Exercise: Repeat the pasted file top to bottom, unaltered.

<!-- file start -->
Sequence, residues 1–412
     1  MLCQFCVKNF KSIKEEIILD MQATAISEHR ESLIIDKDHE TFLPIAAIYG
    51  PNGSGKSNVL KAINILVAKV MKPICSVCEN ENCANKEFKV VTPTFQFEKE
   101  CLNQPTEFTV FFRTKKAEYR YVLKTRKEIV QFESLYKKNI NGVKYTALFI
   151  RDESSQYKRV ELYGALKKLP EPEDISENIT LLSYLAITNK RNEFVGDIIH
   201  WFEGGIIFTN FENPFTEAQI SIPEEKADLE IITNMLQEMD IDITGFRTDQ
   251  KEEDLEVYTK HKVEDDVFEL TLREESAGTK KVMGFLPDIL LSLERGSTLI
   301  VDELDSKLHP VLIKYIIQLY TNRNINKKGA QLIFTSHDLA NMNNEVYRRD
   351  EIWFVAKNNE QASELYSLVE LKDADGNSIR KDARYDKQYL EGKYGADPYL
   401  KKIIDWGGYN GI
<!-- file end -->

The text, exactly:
Sequence, residues 1–412
     1  MLCQFCVKNF KSIKEEIILD MQATAISEHR ESLIIDKDHE TFLPIAAIYG
    51  PNGSGKSNVL KAINILVAKV MKPICSVCEN ENCANKEFKV VTPTFQFEKE
   101  CLNQPTEFTV FFRTKKAEYR YVLKTRKEIV QFESLYKKNI NGVKYTALFI
   151  RDESSQYKRV ELYGALKKLP EPEDISENIT LLSYLAITNK RNEFVGDIIH
   201  WFEGGIIFTN FENPFTEAQI SIPEEKADLE IITNMLQEMD IDITGFRTDQ
   251  KEEDLEVYTK HKVEDDVFEL TLREESAGTK KVMGFLPDIL LSLERGSTLI
   301  VDELDSKLHP VLIKYIIQLY TNRNINKKGA QLIFTSHDLA NMNNEVYRRD
   351  EIWFVAKNNE QASELYSLVE LKDADGNSIR KDARYDKQYL EGKYGADPYL
   401  KKIIDWGGYN GI